Depicting estimates using the intercept in meta-regression models: The moving constant technique

Authors

  • Blair T. Johnson,

    Corresponding author
    • Department of Psychology, 406 Babbidge Road Unit 1020, University of Connecticut, Storrs, CT 06269-1020, USA; Center for Health, Intervention, and Prevention 2006 Hillside Road Unit 1248, University of Connecticut, Storrs, CT, USA
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  • Tania B. Huedo-Medina

    1. Department of Psychology, 406 Babbidge Road Unit 1020, University of Connecticut, Storrs, CT 06269-1020, USA; Center for Health, Intervention, and Prevention 2006 Hillside Road Unit 1248, University of Connecticut, Storrs, CT, USA
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Blair T. Johnson, Department of Psychology, 406 Babbidge Road Unit 1020, University of Connecticut, Storrs, CT 06269–1020, USA.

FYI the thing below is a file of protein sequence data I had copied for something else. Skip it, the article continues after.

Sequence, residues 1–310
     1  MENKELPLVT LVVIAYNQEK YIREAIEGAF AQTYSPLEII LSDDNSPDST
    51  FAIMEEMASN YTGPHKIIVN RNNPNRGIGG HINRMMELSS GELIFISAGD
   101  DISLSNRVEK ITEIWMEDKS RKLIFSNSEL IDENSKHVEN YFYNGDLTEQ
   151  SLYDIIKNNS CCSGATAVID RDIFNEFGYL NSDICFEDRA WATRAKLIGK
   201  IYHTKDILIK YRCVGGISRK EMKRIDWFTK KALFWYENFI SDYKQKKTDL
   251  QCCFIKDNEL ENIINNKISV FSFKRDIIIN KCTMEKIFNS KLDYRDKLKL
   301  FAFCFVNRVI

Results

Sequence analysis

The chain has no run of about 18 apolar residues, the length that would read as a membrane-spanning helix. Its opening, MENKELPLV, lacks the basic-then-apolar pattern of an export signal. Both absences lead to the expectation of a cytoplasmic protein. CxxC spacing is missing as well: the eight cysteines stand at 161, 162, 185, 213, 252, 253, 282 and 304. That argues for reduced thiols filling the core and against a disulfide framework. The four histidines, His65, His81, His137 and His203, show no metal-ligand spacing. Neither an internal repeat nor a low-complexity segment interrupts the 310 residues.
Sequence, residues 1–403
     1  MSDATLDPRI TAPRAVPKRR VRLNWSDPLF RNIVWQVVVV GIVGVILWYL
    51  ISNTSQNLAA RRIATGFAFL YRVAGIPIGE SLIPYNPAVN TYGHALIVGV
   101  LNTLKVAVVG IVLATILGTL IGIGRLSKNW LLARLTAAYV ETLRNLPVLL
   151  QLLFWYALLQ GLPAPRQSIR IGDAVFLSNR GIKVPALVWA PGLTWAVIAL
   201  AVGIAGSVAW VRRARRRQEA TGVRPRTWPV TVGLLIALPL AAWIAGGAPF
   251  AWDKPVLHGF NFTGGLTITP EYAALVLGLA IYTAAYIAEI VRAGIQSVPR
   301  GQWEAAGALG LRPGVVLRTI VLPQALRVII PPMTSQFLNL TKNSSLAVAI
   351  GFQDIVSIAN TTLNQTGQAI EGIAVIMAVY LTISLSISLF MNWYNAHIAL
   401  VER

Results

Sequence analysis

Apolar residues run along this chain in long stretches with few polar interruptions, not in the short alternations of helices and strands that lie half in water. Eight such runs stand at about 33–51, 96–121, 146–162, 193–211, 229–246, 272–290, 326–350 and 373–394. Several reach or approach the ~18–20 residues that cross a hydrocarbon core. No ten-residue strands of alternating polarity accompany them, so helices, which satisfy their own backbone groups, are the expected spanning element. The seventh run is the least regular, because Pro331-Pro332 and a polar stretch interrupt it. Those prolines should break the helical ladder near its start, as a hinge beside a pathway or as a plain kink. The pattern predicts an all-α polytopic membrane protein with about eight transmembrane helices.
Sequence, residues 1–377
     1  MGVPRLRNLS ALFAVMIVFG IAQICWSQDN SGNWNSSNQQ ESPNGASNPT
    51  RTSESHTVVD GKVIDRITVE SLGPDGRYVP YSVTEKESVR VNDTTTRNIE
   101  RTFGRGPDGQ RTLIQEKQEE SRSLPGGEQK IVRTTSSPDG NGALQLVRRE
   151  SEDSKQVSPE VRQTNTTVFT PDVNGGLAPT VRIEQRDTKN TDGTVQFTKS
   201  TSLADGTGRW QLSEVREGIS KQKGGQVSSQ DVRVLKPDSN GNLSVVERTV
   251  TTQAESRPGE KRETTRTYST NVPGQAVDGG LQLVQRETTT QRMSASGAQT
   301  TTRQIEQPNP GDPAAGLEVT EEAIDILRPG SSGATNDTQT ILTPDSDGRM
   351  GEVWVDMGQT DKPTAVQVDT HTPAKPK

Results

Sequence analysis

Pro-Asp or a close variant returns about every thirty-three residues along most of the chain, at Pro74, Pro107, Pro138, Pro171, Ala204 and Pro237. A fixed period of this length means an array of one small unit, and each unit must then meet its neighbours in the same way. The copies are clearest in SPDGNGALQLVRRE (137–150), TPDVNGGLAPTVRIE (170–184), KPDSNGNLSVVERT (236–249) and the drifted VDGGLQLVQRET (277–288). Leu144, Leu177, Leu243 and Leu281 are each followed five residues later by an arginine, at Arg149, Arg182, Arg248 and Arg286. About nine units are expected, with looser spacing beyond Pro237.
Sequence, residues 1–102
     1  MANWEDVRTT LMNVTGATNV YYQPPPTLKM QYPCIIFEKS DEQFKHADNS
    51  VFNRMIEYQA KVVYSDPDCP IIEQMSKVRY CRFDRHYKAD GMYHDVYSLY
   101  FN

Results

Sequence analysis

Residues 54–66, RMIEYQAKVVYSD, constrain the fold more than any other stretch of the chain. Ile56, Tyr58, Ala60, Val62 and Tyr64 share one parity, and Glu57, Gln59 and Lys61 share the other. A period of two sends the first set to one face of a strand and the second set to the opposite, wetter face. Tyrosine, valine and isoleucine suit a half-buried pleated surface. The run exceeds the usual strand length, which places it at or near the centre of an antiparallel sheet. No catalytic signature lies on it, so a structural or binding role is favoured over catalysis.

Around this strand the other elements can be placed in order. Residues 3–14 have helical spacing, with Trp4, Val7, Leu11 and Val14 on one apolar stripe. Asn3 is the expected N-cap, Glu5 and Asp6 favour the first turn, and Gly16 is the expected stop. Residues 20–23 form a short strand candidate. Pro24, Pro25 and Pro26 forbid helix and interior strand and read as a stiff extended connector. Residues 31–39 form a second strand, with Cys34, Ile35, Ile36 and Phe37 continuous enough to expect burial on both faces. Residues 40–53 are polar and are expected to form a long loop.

E-mail: blair.t.johnson@uconn.edu.

Abstract

In any scientific discipline, the ability to portray research patterns graphically often aids greatly in interpreting a phenomenon. In part to depict phenomena, the statistics and capabilities of meta-analytic models have grown increasingly sophisticated. Accordingly, this article details how to move the constant in weighted meta-analysis regression models (viz. “meta-regression”) to illuminate the patterns in such models across a range of complexities. Although it is commonly ignored in practice, the constant (or intercept) in such models can be indispensible when it is not relegated to its usual static role. The moving constant technique makes possible estimates and confidence intervals at moderator levels of interest as well as continuous confidence bands around the meta-regression line itself. Such estimates, in turn, can be highly informative to interpret the nature of the phenomenon being studied in the meta-analysis, especially when a comparison with an absolute or a practical criterion is the goal. Knowing the point at which effect size estimates reach statistical significance or other practical criteria of effect size magnitude can be quite important. Examples ranging from simple to complex models illustrate these principles. Limitations and extensions of the strategy are discussed. Copyright © 2011 John Wiley & Sons, Ltd.

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